What is “Radiant Barrier Paint”?
There has been a lot of talk lately about the benefits of radiant barrier paint. The problem is, according to definitions set forth by the American Society of Testing and Materials International (ASTMI), there is no such product currently available. There are low-emittance paints, which are also known as interior radiation control coatings. These products offer a benefit; however, there are many companies marketing a “radiant barrier” paint, and it is important that professionals and consumers alike understand the difference.
Let’s begin by defining a radiant barrier. A radiant barrier is a low-emittance surface facing a large air space. The thermal performance or the reduction of radiant heat transfer is proportional to the surface emittance of the radiant barrier material. Emittances of materials range between zero, no radiant heat transfer, and one, that of a black surface with maximum radiant heat transfer rate. Common building materials, such as wood, masonry, and fiberglass insulation have surface emittances of 0.8 or greater and therefore have high radiant heat transfer rates. Products defined as radiant barriers by ASTM have a reflective/low-emittance surface where the emittance is 0.10 or less.
ASTM calls paint an interior radiation control coating (IRCC) if the IR emittance is 0.25 or less (ASTM product specification C 1321, “Standard Practice for Installation and Use of Interior Radiation Control Coating Systems in Building Systems”). The ASTM standard also identifies the method for measuring the emittance (C 1371, “Test Method for Determination of Emittance of Materials near Room Temperature Using Portable Emissometers”). IRCCs are a non-thickness dependent, low-emittance coating when applied to building materials such as plywood, OSB, metal siding or plasterboard, according to the manufacturer’s installation instruction, lowers the surface emittance to less than 0.25. An IRCC performs by changing the emittance of the surface where it is applied. Building products, such as wood, brick, painted surfaces and plasterboard have high emissivities (0.7 – 0.95). When heated above the temperature of adjacent surfaces, they radiate heat energy to cooler surfaces. An IRCC lowers their surface emittance reducing the ability to radiate heat.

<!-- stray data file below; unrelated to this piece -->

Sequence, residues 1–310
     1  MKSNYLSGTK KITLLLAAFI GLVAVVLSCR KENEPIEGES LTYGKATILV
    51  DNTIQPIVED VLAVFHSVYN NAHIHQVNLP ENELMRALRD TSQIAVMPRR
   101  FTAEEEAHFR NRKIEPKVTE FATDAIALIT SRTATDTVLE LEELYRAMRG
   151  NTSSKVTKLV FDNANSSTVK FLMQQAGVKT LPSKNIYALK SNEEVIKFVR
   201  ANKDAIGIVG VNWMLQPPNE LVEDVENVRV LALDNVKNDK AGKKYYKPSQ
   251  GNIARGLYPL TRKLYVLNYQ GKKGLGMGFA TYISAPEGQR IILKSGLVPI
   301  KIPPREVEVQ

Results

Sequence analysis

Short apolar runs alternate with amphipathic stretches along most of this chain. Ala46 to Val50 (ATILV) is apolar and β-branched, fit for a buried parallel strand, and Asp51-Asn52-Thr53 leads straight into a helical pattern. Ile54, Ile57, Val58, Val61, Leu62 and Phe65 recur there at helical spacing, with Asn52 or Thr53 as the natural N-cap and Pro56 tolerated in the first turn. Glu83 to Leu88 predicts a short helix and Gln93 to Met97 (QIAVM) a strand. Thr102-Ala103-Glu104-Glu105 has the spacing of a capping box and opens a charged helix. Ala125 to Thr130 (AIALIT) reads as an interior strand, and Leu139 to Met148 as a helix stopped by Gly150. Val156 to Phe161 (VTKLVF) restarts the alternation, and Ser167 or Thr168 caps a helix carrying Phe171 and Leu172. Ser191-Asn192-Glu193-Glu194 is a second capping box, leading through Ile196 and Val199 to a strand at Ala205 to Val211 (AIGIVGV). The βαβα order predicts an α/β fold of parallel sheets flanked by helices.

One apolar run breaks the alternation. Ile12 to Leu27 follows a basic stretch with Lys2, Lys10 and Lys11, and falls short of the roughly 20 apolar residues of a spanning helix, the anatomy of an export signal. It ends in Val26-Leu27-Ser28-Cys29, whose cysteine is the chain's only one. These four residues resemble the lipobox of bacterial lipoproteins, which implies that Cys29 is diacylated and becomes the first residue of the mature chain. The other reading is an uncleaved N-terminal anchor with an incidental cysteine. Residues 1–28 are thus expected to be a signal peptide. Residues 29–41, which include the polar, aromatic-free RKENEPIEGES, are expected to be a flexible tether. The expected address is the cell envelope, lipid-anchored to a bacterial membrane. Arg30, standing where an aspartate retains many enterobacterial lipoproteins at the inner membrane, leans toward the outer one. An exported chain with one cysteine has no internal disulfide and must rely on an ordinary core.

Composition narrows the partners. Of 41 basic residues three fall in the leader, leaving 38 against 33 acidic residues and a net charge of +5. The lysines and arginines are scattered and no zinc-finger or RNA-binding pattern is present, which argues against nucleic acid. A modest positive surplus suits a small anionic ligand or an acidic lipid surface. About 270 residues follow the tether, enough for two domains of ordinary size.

The Reflective Insulation Manufacturers Association (RIMA) conducted testing of several low-emittance paints in 2006 measuring the surface emittance of several paint products claiming reflective benefits that ultimately didn’t even meet the qualifications for an IRCC, let alone a radiant barrier. Seventeen products were tested; IRCC coatings test results. Four products met the qualifications for an IRCC. So, not only are IRCCs not radiant barriers but some paints are not even lRCCs.
Depending on your building project, both radiant barriers and IRCCs can contribute to the overall thermal performance of a building. Just be sure to do your homework before purchasing a low-emittance paint product. If it’s being called a ‘radiant barrier paint’ – Beware! Check the emittance, ask for test data and make sure it meets ASTM standards before you buy.
For more information on radiant barriers, interior radiation control coatings (IRCCs) and reflective insulation, please contact us. If reflectives are new to you, take the time to learn more. Not only will you be doing your part to reduce energy consumption in your community, but you will create a new profit center for your business and gain more satisfied customers.